3. Paolo Violini
    April 27th, 2012 at 04:58 | #3

    It has been two years since I started wondering why, why you chose to “Transpose the Matrix” with respect to the german edition.

    Now I finally have an answer! 😉

  4. Jacob Aagaard
    April 27th, 2012 at 09:07 | #4

    @John Johnson
    I am too much in awe of Shipov to do so!

  5. Jacob Aagaard
    April 27th, 2012 at 09:09 | #5

    @Paolo Violini
    Yes, this was odd. When we do the last book, we will try to finally get around to do the promised hardcover box sets. With them on the market, people will be less confused I believe.

    Maybe we will also do softcover box set with all 9 books, again colour coded!

    But we really wanted to get away from this 1500 nonsense…

  6. Jacob Aagaard
    April 27th, 2012 at 09:10 | #6

    @dfan
    I am happy you like the books. Obviously my main point was that there are also criticism I entirely agree with, even when it makes us look like clowns…

  7. John Johnson
    April 27th, 2012 at 14:56 | #7

    I understand exactly what you mean Jacob; the Hedgehog books go beyond being a chess series. I don’t do Russian but the translator must have done an awesome job. I still think Suba did a very credible job; the intro may be the most coherent explanation of sacrifices extant.

  8. Patrick
    April 27th, 2012 at 17:06 | #8

    Jacob, while my main “non-opening” study has been the My Great Predecessors series right now, I’ve been looking at going thru the Yusupov Series, especially when the box sets come out, but I have a few questions:

    1) Even ChessCafe.com has it confused, as they are selling sets of 3 as well as indivudally, which those sets of 3 are the Boost series, the Build Up series, and the Fundamentals series, clearly going in both directions like this were Tic Tac Toe. So should this be read by color or by title? In other words, Orange then Blue then Green, or Build Up then Boost then Evolution?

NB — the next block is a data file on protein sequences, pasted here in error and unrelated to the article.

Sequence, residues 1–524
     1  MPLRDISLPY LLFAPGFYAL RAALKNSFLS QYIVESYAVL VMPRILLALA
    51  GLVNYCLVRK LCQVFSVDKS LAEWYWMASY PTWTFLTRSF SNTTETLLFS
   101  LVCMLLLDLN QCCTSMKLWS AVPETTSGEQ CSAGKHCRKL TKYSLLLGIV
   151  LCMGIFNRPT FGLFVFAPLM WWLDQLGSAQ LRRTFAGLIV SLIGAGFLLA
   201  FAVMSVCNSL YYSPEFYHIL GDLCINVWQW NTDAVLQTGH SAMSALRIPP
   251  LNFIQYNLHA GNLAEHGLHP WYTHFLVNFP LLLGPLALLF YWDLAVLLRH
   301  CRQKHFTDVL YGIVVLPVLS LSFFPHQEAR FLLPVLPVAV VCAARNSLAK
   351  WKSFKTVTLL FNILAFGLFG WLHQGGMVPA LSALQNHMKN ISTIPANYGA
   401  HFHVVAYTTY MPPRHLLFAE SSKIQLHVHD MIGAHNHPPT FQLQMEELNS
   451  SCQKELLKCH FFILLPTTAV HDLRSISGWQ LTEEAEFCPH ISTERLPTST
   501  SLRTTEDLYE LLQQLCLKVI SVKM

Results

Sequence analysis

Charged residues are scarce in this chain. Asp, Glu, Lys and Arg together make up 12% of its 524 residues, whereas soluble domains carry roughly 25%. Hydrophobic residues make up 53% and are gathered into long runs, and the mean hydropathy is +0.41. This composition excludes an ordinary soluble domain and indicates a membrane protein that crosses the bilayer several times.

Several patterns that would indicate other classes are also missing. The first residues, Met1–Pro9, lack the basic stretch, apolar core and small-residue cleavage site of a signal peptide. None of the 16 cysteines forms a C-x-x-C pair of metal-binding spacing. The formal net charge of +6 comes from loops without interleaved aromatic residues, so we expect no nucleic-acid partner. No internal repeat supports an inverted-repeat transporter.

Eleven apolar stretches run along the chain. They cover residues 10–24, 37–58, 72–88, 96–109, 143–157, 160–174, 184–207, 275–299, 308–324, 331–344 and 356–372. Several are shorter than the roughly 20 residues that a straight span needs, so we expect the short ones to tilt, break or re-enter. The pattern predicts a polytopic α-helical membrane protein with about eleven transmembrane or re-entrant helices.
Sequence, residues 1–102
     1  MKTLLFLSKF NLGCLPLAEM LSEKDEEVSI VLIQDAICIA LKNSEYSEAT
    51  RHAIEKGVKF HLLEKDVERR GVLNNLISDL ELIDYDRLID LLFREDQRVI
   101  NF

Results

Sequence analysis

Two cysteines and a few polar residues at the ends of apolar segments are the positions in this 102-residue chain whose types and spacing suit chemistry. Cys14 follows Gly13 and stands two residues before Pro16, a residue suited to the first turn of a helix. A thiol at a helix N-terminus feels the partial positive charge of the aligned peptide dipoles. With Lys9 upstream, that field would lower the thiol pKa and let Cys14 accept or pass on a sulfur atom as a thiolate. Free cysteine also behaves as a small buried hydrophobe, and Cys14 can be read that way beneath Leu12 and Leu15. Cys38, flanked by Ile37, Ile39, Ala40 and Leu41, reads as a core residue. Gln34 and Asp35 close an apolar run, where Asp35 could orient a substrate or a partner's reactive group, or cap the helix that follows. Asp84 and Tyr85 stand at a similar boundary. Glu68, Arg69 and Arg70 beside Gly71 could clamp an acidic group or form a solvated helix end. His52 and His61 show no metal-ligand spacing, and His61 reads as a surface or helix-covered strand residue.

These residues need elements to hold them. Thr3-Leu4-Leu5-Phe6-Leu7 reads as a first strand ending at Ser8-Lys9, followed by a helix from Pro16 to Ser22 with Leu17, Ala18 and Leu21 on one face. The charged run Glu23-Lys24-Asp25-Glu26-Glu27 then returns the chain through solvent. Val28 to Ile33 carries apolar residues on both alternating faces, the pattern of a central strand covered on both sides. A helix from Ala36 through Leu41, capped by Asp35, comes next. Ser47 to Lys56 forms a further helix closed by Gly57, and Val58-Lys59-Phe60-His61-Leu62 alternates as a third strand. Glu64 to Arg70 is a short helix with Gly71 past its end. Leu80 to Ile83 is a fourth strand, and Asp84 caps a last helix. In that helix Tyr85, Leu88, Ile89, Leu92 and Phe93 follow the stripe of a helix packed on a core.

2) So I see the rating recommendations are hogwash, so where should someone with a FIDE rating of 2053 start? Level 1 (orange)? Level 2 (blue)? Level 3 (green)? Build Up series? Boost series? Or Evolution series? My other ratings are around the same vicinty (USCF rating is also in the mid-2000s, Correspondence rating is 2037)

    3) Is there a significant difference between the Yusupov Series, and the one you have coming out in the Summer or Fall? Are they basically the same thing formatted differently? Is one intended more for Experts trying to reach Master vs those that truly are 1500?

  9. April 29th, 2012 at 15:38 | #9

    Orange, then Blue, then Green. At each level, read Build Up, then Boost, then Evolution. You can see the entire series laid out in the intended order at http://www.jussupow.de/22982.html (the original German edition).

    I would guess that the level 2 (Blue) books are the best fit for you. If you start with the level 1s you will mostly find the tactics smooth sailing but you will pick up interesting things in the strategic and positional chapters. Personally I like starting a little below my level with “courses” like this so I can make sure that I have a firm foundation, but not everyone has the patience or money to do that.

  10. werner
    April 29th, 2012 at 20:38 | #10

    “So I see the rating recommendations are hogwash, so where should someone with a FIDE rating of 2053 start? Level 1 (orange)? Level 2 (blue)? Level 3 (green)? Build Up series? Boost series? Or Evolution series? My other ratings are around the same vicinty (USCF rating is also in the mid-2000s, Correspondence rating is 2037)”

    Patrick, why so complicated? Just grab one of the books, start with the first or some interesting chapter – and you’ll see. Too easy, take another chapter. Too easy again, try a higher volume…
    You get the principle?

  11. Patrick
    April 29th, 2012 at 23:31 | #11

    @dfan